This the one thing that makes me feel like everything is OK

“Too many times I feel
We are losing time once shared
And only when you’re in ecstasy
You seem to really care”

I recognize the song immediately — Chuckii Booker’s “Turned Away.” Not the regular version, but the extended one. As the words rush over me, caressing my nostalgia, a memory, a moment comes back.

I was standing behind the counter at Homer’s Ice Cream on a brilliant summer morning before the doors opened. We were setting up. One of the managers turned the volume up, and the radio blared through the speakers. The shades were pulled back from the storefront windows, and light streamed through the door onto the wooden tables in the adjacent dining area. A veteran, the summer year before college, I had mastered almost every job in the restaurant: Ice-cream scooper. Fry maker. Head grill master during rush hour. I inspected almost every inch of the building. Polished every spot and cleaned the bathrooms and emptied the dreaded metal containers found only in the girl’s room.

My collared work shirt held the italic Homer’s logo in red over the breast. I rolled the sleeves up and squared them off above the biceps. I like to envision my arms bulging with arteries popping at just the right places. There was a pull-up bar in the storage room, and we often ran back if we saw a pretty girl approaching. Quickly, we would squeeze out a few reps before returning to the front with sweat falling from our brow.

There were all sorts of other hijinks. I was seventeen and unsure of myself. My heart had been broken already once or twice. So I acted out. Had shake eating contests when the manager was otherwise occupied. Gave away free food to my friends, only to find that it was deducted from my paycheck weeks later. I caroused with my fellow employees, many of them older than I, in search of alcohol and adventure. We broke the law occasionally; got caught from time to time.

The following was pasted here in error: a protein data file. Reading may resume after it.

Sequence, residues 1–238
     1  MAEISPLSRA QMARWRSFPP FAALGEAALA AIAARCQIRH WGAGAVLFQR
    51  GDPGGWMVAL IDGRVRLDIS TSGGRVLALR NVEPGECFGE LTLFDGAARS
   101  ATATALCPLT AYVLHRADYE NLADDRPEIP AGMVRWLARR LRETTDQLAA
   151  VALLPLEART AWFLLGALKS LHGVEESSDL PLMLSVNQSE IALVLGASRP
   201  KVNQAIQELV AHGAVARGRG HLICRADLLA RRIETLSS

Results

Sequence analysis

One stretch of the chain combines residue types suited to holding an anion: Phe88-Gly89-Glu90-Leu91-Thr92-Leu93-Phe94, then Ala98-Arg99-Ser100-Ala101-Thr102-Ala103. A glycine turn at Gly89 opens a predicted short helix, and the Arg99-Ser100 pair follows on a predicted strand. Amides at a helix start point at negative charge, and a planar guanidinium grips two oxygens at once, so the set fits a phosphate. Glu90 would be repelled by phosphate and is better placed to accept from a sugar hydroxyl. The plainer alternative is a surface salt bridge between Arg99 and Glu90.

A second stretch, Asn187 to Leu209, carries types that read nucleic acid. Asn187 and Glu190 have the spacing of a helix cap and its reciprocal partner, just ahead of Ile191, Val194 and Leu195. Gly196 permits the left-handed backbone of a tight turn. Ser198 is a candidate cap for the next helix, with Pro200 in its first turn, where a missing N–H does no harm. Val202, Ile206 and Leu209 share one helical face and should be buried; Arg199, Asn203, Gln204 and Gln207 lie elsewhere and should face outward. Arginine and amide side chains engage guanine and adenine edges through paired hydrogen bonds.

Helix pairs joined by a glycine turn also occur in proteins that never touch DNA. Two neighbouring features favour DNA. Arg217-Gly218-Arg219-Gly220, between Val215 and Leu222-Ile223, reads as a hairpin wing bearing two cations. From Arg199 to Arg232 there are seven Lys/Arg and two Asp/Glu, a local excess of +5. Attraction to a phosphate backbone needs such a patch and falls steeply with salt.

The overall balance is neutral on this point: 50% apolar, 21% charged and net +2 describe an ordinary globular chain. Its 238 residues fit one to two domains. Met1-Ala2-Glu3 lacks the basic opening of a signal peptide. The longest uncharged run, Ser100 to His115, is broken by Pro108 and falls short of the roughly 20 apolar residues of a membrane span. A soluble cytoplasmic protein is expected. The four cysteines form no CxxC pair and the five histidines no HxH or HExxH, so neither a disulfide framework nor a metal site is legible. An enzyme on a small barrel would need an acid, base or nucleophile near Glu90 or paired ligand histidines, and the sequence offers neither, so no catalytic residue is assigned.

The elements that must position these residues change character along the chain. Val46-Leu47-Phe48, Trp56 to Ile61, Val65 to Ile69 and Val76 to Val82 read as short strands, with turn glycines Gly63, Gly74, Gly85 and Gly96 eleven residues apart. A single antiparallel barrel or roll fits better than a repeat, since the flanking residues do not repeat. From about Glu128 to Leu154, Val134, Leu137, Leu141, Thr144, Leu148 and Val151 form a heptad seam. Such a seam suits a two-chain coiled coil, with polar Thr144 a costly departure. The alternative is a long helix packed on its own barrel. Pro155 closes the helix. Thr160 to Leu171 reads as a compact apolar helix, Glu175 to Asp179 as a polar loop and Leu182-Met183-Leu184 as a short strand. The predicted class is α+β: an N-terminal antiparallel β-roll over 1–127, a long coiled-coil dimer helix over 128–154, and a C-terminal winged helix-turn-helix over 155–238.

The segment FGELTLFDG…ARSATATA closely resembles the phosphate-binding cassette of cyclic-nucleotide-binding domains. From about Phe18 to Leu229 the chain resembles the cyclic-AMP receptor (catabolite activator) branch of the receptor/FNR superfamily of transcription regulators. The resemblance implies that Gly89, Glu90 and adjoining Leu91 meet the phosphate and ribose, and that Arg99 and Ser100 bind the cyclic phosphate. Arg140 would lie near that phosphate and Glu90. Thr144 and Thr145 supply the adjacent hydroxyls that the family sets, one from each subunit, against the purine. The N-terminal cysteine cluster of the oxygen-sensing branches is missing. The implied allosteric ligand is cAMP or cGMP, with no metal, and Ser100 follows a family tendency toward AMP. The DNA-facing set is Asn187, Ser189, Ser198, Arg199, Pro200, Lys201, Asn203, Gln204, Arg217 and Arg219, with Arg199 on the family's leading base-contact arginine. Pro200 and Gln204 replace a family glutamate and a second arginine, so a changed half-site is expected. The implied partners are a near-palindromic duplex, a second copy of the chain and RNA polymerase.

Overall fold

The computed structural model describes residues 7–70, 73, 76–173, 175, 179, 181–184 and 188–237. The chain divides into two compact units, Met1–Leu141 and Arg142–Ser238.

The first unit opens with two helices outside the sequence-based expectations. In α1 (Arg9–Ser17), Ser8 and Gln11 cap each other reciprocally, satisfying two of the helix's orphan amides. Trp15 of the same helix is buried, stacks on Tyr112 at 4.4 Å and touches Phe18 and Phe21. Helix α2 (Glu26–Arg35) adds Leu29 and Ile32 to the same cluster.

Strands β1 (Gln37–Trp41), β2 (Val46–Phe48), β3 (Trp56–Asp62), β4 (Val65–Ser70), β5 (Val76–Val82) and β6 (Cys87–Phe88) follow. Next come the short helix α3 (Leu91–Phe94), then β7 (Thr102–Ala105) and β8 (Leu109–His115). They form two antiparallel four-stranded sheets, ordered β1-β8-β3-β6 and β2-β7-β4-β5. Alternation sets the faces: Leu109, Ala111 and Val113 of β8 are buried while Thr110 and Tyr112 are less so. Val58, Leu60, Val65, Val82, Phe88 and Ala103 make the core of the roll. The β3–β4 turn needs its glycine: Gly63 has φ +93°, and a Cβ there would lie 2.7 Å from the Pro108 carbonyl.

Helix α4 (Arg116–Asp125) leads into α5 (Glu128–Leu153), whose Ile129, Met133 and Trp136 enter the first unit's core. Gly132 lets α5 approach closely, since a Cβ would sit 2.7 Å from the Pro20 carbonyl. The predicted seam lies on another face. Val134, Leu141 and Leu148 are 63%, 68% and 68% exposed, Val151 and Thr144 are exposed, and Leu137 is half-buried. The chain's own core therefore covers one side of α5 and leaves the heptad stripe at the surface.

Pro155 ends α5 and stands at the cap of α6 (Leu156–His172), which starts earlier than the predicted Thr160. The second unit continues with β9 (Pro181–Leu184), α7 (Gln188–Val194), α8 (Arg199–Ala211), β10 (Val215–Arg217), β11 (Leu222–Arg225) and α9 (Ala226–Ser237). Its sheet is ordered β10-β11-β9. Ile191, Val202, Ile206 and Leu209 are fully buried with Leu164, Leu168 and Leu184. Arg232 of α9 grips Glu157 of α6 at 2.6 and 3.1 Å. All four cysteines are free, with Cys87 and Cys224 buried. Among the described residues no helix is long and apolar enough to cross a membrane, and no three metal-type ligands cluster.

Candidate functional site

It was all an act. Artificial bombast to divert from insecurity. At the time, the lyrics stung, but were an anthem played over a killer track.

”Turned away. Turned away. Why did you have to turn away? Turned away from love.”

Like so many young people, I was convinced that I was unloveable. I ached for an idealized connection. A connection that both I and the objects of my affection were too immature to grasp. Surrounded by a family that adored me, I moped at home day after day both dreading and hopeful for my upcoming departure to college.

Those words, that tune, stuck with me long after I had successful relationships and realized that I was worthy of love. Even after I got married and had children.

Those words still move me. My body still sways back and forth, and I feel both the pain and joy.

And my children mope around the house much as I had. Younger than I was at the time, but no less struggling to find their way through a confusing and cold world.

I turn the radio up and let the words spray from the speakers and drip onto their growing bodies.

We dance around the room with complete abandon, and I momentarily believe that everything will be OK.

Jordan Grumet is an internal medicine physician who blogs at In My Humble Opinion. Watch his talk at dotMED 2013, Caring 2.0: Social Media and the Rise Of The Empathic Physician. He is the author of Five Moments: Short Works of Fiction and I Am Your Doctor: and This Is My Humble Opinion.

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